Wednesday, February 08, 2017
A Tale of Three Mayors and Their Campaign Finances
Allentown Mayor Edwin "Fed Ed" Pawlowski $75,000 Transfer Is Illegal. - Fed Ed's year-end report demonstrates an utter disregard for the people he supposedly represents. He's diverted money he received to run for the US Senate and Governor to pay off lawyers representing him and possibly his wife in a federal political corruption investigation. He has also formed a new campaign committee to avoid disclosing contributions until election eve.
At the end of 2015, Fed Ed had about $100,000 in federal campaign funds as well as $83,000 in his state campaign treasury. At that time, he had already paid $80,000 to lawyers representing him in the criminal probe. This year, he spent another $170,425.45 for his criminal defense. To do this, he had to transfer $75,000 from his federal fund to his state fund. He also had to borrow $35,000.
Fed Ed has already spent $250,000 for criminal lawyers, and this is before he's even been indicted.
He clearly used the $75k transfer to his mayoral campaign to pay legal fees. This transfer was made on January 20, 2016. Four days before that, he wrote a massive check out (on January 16, 2016, which, coincidentally, is a Saturday) to Jack McMahon. And, the day before (Jan. 19th) and the day of (Jan 20th) the transfer, he writes checks for tens of thousands of dollars more.
He transferred this money from his federal to his state treasury because it is likely that the Federal Election Commission (FEC) would have prohibited the use of these funds to pay criminal lawyers.
Federal law prohibits the use of federal campaign funds for "personal use." This includes payment to criminal lawyers, although the FEC is willing to review a transfer on a case-by-case basis.
Rather than undergoing this review, Fed Ed transferred the money to his state account, where he can pretty much do what he wants. In doing so, he appears to have violated federal law.
If he's unable to use federal funds for personal expenses,and then transfers these funds to a state account so he can pay off personal expenses, he is breaking the law. Upon complaint, the FEC could impose an administrative fine that doubles his illegal $75,000 transfer.
Bethlehem Mayor Bob Donchez.- Bob started off 2016 with $120,000, more than enough money to wage a Mayoral campaign against several challengers. Yet he still raised $39,000 in an off-election year. More than half of this money came from people who are already beneficiaries of the City's largesse, or are making money through the CRIZ or various other programs.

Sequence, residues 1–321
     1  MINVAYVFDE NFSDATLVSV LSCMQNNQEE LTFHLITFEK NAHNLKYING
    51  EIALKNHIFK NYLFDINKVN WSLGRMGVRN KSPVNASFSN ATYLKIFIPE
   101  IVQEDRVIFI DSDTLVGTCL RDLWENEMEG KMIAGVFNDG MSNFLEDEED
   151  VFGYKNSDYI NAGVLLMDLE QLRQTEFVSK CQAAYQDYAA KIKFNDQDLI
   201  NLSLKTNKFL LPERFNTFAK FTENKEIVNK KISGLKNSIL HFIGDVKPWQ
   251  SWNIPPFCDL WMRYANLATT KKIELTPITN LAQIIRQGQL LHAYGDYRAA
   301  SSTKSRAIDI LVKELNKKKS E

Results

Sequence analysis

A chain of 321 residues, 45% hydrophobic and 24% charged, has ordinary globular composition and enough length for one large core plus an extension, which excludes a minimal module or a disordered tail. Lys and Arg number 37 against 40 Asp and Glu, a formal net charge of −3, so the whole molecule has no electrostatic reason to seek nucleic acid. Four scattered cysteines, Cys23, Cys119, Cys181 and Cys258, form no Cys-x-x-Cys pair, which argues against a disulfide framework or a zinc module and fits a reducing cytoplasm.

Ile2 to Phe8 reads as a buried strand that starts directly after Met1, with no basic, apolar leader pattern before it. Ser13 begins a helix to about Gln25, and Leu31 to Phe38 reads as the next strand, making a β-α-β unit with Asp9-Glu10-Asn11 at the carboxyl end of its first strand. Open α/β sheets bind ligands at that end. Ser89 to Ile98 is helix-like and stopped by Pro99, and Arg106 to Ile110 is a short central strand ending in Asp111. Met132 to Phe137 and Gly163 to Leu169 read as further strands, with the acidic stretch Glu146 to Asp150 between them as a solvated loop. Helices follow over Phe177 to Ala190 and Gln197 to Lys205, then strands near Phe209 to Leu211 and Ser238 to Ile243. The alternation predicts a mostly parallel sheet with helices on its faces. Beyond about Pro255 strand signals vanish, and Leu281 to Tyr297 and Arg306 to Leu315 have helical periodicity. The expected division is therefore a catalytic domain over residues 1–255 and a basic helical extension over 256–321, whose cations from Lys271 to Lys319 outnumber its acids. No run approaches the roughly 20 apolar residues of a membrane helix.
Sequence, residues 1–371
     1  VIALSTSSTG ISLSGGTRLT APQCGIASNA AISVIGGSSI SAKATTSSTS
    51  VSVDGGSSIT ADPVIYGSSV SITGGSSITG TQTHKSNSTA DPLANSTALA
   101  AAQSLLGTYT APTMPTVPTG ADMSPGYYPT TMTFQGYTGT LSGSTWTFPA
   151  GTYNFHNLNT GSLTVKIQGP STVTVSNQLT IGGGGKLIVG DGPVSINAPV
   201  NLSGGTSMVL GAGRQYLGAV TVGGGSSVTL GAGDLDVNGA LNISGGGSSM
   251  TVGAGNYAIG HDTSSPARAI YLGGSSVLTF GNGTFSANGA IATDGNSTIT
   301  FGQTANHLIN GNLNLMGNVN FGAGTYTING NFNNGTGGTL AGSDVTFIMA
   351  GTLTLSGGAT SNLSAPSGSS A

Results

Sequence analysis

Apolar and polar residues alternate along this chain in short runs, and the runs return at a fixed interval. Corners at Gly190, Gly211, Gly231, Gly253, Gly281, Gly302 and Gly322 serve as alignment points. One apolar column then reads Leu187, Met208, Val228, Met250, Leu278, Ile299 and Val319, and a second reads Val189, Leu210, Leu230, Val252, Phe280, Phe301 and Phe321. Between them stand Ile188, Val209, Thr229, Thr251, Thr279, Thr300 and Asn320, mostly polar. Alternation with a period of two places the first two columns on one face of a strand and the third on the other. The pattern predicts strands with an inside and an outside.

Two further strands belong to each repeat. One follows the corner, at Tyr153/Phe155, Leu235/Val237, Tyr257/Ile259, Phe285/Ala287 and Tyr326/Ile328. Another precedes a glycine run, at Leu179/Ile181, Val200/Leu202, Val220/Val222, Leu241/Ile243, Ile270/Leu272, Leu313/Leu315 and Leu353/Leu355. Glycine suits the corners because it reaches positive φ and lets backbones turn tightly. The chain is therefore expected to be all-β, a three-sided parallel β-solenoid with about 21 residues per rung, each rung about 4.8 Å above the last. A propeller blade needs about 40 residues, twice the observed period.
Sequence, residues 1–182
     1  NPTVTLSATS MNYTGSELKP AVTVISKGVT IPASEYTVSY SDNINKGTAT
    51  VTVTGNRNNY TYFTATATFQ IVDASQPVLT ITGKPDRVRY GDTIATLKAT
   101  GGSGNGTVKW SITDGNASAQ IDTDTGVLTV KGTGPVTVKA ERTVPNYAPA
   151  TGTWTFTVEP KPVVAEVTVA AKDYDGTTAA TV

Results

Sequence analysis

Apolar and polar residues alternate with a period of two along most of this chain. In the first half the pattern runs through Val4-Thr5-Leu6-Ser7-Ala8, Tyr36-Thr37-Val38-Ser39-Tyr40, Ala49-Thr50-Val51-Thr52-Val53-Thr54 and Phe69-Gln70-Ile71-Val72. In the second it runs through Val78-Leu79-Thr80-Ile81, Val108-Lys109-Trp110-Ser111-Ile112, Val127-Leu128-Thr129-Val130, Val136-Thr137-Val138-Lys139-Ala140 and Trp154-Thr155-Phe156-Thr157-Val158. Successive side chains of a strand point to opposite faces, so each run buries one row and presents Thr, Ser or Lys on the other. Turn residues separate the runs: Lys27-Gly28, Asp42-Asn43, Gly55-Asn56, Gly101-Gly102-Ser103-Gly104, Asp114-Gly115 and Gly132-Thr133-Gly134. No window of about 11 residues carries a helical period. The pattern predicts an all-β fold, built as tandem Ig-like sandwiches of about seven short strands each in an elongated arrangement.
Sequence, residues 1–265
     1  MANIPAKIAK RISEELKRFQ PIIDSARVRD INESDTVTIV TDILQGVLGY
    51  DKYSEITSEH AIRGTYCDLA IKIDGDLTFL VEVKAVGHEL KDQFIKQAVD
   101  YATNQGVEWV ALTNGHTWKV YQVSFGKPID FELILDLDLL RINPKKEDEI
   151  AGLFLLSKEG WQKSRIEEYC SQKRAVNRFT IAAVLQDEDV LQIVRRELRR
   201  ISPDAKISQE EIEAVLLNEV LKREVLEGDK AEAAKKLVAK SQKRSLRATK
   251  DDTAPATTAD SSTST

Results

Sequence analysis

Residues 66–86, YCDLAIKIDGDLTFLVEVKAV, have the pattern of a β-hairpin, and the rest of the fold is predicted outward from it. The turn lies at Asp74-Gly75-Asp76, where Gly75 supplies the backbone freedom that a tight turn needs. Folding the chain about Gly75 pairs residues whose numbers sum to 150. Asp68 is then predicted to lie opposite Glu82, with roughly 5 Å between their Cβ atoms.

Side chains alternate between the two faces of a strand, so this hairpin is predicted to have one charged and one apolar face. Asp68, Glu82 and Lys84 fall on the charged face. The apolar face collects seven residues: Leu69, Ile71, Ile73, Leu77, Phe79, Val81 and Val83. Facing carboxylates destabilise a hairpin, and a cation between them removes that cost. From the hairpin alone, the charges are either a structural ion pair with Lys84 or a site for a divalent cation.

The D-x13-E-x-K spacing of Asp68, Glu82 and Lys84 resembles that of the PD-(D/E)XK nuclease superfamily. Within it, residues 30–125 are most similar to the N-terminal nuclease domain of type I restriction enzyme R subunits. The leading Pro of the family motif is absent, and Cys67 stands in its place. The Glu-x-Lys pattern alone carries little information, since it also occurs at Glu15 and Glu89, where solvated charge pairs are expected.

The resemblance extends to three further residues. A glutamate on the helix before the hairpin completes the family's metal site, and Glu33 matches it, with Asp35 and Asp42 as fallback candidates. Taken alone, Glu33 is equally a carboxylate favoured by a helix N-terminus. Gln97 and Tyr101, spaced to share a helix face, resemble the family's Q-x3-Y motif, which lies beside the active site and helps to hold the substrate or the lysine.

I know Bob is a man of integrity. I watched him dip his hands into his own pockets to feed a meter at events where he could easily have maintained he was on official business. He initiated a gift ban among city employees. He could set an example for others to follow by refusing to raise money in an off-election year,or declining money from people who obviously want something, like Majestic developer Ed Roski. This was a missed opportunity.
John Stoffa, when he ran for re-election, refused to take money from anyone. Jim Hemstreet, when he ran for re-election, capped contributions at $35.
Easton Mayor Sal Panto.- I've been critical of Panto and tagged him for using sock puppets to discuss a host of issues on LehighValleyLive. In fact, one family has sued him for defaming them. But I was impressed by his year-end campaign finance report. Though he is an incumbent mayor with a procession of fawning sycophants and could easily have raised lots of money like his counterpart in Bethlehem, he resisted the temptation. He started off 2016 with $14,000 and raised no money. And what he spent mostly went to worthwhile causes like Notre Dame Green Pond. When he attended the National League of Cities, he would have been justified in charging the city for his attendance. But he instead used his campaign funds for what really was a governmental function.
Panto's campaign finance report does set an example for others to follow.Unfortunately, our dailies no longer follow the money until someone is under investigation. If they did a better job of scrutinizing campaignf finance, as they once did, there just might be fewer investigations.